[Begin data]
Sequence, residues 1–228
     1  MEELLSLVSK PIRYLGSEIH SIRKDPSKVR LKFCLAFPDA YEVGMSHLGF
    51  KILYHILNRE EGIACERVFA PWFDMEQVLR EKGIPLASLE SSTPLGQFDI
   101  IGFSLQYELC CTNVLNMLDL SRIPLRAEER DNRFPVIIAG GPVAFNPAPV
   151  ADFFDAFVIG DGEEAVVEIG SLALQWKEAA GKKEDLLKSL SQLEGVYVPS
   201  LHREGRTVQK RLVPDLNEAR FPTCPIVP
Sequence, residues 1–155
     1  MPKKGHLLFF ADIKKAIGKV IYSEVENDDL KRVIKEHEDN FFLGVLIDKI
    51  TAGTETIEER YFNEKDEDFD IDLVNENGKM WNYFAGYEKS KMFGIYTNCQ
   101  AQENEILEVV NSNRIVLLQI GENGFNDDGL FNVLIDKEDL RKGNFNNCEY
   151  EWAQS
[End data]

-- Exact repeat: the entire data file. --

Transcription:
Sequence, residues 1–228
     1  MEELLSLVSK PIRYLGSEIH SIRKDPSKVR LKFCLAFPDA YEVGMSHLGF
    51  KILYHILNRE EGIACERVFA PWFDMEQVLR EKGIPLASLE SSTPLGQFDI
   101  IGFSLQYELC CTNVLNMLDL SRIPLRAEER DNRFPVIIAG GPVAFNPAPV
   151  ADFFDAFVIG DGEEAVVEIG SLALQWKEAA GKKEDLLKSL SQLEGVYVPS
   201  LHREGRTVQK RLVPDLNEAR FPTCPIVP
Sequence, residues 1–155
     1  MPKKGHLLFF ADIKKAIGKV IYSEVENDDL KRVIKEHEDN FFLGVLIDKI
    51  TAGTETIEER YFNEKDEDFD IDLVNENGKM WNYFAGYEKS KMFGIYTNCQ
   101  AQENEILEVV NSNRIVLLQI GENGFNDDGL FNVLIDKEDL RKGNFNNCEY
   151  EWAQS